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With their win over the Ravens, the Steelers showed which team is more dangerous

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The most dangerous teams are usually the best ones. After their thrilling, division-clinching win over the Ravens on Sunday night, the Steelers are clearly the most dangerous team in the AFC North. And they just might be the most dangerous team come playoff time.

Baltimore Ravens v Pittsburgh Steelers Photo by Justin Berl/Getty Images

If there’s one thing the Ravens have become famous for over the past 16 or 17 years, it's crafting a reputation as being the team "nobody wants to face" once January rolls around.

In other words, the "most dangerous team" in the playoff field.

Baltimore first earned this reputation following the 2000 season, when it entered the postseason as the fourth seed and didn't stop playing dominant defense until it was crowned Super Bowl XXXIV Champion.

In case you aren't fluent in sports jargon, "most dangerous" is usually the label given to a lower-seeded team, one that enters the playoffs with a record perhaps closer to mediocre than it is to excellent.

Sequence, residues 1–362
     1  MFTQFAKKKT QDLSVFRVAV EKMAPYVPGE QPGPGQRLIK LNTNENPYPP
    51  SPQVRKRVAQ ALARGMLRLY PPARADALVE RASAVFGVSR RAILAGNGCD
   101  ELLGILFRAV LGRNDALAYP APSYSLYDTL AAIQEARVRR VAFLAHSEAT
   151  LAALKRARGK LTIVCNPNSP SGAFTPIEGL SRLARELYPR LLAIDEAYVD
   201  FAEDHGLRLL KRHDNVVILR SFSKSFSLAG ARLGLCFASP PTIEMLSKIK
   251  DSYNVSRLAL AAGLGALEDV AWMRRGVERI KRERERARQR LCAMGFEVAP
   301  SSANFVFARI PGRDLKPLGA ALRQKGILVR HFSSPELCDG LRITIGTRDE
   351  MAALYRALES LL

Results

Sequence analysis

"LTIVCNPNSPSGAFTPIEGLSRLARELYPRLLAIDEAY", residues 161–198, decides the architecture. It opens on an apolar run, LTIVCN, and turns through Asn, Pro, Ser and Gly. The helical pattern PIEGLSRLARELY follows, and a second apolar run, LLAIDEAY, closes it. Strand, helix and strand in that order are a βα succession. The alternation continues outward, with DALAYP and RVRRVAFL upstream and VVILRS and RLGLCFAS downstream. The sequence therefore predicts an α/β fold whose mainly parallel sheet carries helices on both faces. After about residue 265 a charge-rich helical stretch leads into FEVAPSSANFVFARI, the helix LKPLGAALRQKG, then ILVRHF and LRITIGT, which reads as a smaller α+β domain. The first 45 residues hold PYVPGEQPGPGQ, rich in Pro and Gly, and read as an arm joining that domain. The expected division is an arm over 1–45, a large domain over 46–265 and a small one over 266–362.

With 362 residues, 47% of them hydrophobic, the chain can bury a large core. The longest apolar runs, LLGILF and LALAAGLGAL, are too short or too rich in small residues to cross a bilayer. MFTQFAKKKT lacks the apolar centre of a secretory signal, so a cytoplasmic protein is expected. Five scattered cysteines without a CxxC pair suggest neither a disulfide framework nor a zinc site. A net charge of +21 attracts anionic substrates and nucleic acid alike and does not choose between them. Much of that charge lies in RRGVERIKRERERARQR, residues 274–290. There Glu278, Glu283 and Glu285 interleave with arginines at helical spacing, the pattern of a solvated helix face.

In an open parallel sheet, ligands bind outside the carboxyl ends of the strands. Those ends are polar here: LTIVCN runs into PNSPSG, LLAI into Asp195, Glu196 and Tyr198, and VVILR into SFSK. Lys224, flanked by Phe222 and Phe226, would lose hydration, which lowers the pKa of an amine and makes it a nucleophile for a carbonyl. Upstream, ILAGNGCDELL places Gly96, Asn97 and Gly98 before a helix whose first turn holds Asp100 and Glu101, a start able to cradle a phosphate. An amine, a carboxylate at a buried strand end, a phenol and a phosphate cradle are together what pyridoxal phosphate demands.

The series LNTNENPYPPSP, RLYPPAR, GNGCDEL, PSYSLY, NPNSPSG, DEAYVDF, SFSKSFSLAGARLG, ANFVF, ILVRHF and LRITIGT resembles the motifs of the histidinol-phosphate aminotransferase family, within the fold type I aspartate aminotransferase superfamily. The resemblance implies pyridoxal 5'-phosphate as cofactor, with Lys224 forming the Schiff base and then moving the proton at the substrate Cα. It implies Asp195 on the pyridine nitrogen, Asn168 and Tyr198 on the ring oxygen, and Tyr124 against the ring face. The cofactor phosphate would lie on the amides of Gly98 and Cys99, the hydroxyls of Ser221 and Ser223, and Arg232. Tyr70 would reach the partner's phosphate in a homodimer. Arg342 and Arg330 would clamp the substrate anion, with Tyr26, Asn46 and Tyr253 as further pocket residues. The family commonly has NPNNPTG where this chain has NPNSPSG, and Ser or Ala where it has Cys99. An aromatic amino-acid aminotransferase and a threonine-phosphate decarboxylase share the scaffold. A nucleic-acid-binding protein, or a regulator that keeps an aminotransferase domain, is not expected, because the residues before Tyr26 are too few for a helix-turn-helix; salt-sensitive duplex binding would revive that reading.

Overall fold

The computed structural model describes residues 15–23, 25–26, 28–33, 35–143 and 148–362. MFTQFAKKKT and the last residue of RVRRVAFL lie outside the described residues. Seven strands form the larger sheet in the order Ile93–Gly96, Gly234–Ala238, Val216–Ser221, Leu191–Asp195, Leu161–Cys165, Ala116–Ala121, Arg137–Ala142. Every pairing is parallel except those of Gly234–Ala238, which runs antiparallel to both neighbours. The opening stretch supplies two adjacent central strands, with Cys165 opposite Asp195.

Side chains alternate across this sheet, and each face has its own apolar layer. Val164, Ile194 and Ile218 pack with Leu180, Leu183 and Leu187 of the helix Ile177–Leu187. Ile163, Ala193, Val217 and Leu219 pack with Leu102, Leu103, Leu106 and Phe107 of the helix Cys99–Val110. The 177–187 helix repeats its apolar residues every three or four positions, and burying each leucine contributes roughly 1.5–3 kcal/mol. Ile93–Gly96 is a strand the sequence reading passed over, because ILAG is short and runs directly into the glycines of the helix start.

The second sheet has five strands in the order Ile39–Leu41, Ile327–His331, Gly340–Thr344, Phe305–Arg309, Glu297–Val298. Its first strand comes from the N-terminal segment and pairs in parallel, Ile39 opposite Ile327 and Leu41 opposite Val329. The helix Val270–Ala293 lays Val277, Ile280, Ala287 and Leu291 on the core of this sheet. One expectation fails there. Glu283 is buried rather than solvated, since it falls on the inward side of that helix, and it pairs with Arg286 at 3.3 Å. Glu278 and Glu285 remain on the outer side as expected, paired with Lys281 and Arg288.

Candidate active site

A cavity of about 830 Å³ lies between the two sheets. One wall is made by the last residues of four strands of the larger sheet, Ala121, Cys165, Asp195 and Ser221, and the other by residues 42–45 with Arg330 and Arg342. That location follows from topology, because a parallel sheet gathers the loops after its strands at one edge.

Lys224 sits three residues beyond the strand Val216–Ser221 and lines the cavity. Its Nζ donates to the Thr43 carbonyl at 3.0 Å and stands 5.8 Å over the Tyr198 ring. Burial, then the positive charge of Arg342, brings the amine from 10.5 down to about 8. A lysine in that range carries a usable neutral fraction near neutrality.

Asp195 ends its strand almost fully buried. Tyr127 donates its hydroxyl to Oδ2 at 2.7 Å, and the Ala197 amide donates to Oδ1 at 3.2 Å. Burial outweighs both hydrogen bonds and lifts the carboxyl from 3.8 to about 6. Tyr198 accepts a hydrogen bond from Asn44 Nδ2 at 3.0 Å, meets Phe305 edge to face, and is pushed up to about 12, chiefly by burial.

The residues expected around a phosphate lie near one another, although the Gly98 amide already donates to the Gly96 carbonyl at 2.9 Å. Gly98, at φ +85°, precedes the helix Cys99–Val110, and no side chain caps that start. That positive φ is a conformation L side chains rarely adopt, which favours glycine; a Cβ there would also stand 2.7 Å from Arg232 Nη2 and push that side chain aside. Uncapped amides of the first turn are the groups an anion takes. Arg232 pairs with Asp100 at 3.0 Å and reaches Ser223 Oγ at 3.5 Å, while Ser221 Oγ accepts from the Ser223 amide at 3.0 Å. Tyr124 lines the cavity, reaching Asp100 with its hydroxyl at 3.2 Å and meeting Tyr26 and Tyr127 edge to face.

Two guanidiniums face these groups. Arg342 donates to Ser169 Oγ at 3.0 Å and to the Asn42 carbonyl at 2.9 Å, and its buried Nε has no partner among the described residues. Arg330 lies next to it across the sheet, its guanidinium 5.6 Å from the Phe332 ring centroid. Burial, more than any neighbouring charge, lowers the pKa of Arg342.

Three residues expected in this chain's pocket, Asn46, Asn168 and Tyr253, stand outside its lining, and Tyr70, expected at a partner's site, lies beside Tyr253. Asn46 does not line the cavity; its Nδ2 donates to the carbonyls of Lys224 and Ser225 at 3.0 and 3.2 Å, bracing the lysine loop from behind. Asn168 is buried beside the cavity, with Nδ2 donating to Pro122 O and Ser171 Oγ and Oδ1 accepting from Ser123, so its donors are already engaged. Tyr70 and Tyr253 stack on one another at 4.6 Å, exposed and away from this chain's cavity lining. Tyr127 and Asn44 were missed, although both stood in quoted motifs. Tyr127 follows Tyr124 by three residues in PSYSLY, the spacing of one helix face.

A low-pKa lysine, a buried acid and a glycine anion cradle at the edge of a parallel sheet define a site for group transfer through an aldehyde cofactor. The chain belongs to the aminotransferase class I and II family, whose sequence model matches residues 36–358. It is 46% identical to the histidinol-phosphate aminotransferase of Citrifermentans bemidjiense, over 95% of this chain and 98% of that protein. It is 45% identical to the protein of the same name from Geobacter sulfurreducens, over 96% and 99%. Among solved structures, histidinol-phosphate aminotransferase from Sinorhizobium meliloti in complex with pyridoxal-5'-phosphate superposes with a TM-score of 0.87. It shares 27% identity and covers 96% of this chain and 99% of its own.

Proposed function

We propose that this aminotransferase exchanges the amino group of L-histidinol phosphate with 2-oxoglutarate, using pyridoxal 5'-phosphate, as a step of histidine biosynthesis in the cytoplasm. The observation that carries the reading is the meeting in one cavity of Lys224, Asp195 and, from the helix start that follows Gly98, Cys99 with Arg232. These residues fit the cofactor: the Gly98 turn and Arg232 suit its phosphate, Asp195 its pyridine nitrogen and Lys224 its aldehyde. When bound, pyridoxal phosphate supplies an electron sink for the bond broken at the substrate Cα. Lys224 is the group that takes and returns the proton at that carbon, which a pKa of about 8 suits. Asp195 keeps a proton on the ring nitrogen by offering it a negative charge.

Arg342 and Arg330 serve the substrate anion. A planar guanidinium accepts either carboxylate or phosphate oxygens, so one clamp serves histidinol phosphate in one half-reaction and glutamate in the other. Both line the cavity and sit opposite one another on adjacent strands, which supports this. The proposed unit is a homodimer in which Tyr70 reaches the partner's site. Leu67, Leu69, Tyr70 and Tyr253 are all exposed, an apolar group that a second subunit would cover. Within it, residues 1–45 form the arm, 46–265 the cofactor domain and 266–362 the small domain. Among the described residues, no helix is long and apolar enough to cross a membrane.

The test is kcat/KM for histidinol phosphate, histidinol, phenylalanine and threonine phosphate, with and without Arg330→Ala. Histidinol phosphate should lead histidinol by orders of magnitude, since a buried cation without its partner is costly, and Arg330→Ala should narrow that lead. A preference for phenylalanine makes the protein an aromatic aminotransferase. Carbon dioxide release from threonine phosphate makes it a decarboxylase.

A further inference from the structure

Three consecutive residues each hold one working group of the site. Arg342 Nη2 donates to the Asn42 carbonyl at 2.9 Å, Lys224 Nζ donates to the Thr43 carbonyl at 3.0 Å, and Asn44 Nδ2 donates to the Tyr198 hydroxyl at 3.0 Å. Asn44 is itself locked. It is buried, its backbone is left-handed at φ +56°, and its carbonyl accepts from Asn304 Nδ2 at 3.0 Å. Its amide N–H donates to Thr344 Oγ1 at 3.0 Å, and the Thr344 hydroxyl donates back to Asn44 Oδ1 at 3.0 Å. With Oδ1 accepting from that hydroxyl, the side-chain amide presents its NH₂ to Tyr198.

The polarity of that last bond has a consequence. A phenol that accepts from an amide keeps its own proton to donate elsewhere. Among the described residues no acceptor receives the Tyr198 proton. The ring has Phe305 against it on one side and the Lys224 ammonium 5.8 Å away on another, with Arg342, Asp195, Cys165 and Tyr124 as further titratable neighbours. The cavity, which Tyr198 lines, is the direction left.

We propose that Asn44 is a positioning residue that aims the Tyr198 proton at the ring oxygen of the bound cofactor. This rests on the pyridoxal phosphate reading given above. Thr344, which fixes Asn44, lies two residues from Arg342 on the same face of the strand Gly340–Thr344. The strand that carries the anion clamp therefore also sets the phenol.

Why?

Because it's no fun to label those higher-seeded teams, the ones with the excellent records, as most dangerous. I mean, why give one team all of the playoff storylines when you can spread them out to the entire postseason field?

Anyway, as the Ravens arrived at Heinz Field to take on the Steelers, Sunday night, NBC play-by-play announcer Al Michaels labeled them "red hot."

Actually, Michaels described both teams as red hot, meaning the Ravens, winners of three-straight games, were just as hot as a Steelers team that came into Week 14, winners of seven straight.

Describing both teams as equally "red hot" is like describing jalapeno and green peppers as equally super-duper hot.

Michaels also described the AFC North as "up for grabs," when, in actuality, the 10-2 Steelers came into the night with a three-game lead and several mulligans in their back pocket, while Baltimore (7-5) needed to win just to continue hanging on by a thread.

You get the point.

The Steelers entered Week 14, winners of 19 of their previous 22 games and reigning champions of the AFC North.